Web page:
Hi everyone.

I've been doing a bit of research about path-finding algorithms recently, but I can't find anything on the expression that looks like O().

For example, the worst-case performance for breadth-first search is O( | V | + | E | ) = O(b^d), according to Wikipedia.

Can anyone explain to me what this means please? Thanks!

## How do you interpret notation in pathfinding?

**Moderators:** gmalivuk, Moderators General, Prelates

### Re: How do you interpret notation in pathfinding?

Big O notation

Since the runtime of algorithms tend to depend on the input size, the performance descriptions are written as such. Furthermore, the proportional constants doesn't matter much, since they are machine dependent. Simply, the notation says, if f is O(g), then f(t) <= C*g(t) for some constant C and for large enough t>=T.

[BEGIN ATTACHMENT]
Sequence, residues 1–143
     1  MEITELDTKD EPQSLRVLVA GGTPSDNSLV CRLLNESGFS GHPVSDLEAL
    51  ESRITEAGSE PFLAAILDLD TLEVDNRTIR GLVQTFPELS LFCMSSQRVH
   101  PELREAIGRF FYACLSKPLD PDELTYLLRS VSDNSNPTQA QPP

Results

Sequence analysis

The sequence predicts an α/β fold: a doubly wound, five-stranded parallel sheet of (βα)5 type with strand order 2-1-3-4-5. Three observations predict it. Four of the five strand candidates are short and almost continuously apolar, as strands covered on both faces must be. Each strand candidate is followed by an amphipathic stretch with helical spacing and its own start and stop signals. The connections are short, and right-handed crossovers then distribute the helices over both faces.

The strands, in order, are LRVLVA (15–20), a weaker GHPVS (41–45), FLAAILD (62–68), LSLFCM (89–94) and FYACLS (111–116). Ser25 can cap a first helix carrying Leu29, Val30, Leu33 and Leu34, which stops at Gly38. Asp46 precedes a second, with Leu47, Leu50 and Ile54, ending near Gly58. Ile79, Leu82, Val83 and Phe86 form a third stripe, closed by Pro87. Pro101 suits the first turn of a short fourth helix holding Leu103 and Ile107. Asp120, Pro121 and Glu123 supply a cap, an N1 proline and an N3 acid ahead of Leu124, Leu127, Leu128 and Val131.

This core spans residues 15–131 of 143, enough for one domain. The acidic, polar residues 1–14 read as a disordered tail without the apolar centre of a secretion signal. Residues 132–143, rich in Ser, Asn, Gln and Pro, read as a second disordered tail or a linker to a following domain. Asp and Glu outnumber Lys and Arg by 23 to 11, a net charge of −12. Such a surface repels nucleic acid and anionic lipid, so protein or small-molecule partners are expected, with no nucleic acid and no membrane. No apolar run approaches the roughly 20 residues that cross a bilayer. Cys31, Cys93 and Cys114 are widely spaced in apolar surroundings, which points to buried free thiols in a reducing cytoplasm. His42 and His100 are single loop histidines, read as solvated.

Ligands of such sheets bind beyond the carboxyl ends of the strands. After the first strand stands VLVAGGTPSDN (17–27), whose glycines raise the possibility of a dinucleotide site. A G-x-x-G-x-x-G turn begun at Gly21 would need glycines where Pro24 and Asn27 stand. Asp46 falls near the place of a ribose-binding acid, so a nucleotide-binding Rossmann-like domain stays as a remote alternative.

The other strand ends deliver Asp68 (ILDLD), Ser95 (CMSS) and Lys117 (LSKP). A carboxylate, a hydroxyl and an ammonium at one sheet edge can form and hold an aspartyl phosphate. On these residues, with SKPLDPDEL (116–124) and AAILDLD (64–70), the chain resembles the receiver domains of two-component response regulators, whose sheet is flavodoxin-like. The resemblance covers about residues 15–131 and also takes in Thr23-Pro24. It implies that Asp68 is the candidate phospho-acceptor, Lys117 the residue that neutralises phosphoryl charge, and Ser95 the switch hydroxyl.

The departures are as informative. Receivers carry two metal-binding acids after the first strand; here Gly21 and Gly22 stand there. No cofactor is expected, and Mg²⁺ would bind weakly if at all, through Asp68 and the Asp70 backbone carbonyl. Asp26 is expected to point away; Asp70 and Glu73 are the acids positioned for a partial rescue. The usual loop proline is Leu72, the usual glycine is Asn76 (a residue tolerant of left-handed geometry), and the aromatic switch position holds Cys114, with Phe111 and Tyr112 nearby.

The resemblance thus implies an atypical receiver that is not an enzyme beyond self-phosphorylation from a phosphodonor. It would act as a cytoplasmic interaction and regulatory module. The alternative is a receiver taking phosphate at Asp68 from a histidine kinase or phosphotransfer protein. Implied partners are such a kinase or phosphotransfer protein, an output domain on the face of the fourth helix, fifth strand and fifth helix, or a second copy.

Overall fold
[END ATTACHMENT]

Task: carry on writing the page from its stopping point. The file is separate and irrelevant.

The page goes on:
Since the runtime of algorithms tend to depend on the input size, the performance descriptions are written as such. Furthermore, the proportional constants doesn't matter much, since they are machine dependent. Simply, the notation says, if f is O(g), then f(t) <= C*g(t) for some constant C and for large enough t>=T.

- silverhammermba
**Posts:**178**Joined:**Fri Oct 13, 2006 1:16 am UTC

### Re: How do you interpret notation in pathfinding?

The simplest way to understand big O is that it describes how quickly a function increases. In your specific case, it refers to how long it takes to find paths in terms of the size of the graph.

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